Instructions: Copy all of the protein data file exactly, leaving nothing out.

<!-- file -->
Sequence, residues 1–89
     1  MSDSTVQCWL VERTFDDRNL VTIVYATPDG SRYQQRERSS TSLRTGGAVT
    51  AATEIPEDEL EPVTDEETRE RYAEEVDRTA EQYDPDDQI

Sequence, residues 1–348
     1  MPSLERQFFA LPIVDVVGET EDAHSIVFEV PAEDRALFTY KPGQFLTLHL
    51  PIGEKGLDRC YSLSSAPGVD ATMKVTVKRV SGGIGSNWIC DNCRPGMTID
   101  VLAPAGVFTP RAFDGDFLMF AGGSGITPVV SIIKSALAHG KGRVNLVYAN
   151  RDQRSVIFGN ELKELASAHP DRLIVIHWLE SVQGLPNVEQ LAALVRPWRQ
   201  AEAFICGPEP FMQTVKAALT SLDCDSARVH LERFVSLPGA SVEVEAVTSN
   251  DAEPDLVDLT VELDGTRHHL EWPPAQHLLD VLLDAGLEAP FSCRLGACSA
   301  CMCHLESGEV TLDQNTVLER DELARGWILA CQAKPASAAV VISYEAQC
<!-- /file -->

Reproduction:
Sequence, residues 1–89
     1  MSDSTVQCWL VERTFDDRNL VTIVYATPDG SRYQQRERSS TSLRTGGAVT
    51  AATEIPEDEL EPVTDEETRE RYAEEVDRTA EQYDPDDQI

Sequence, residues 1–348
     1  MPSLERQFFA LPIVDVVGET EDAHSIVFEV PAEDRALFTY KPGQFLTLHL
    51  PIGEKGLDRC YSLSSAPGVD ATMKVTVKRV SGGIGSNWIC DNCRPGMTID
   101  VLAPAGVFTP RAFDGDFLMF AGGSGITPVV SIIKSALAHG KGRVNLVYAN
   151  RDQRSVIFGN ELKELASAHP DRLIVIHWLE SVQGLPNVEQ LAALVRPWRQ
   201  AEAFICGPEP FMQTVKAALT SLDCDSARVH LERFVSLPGA SVEVEAVTSN
   251  DAEPDLVDLT VELDGTRHHL EWPPAQHLLD VLLDAGLEAP FSCRLGACSA
   301  CMCHLESGEV TLDQNTVLER DELARGWILA CQAKPASAAV VISYEAQC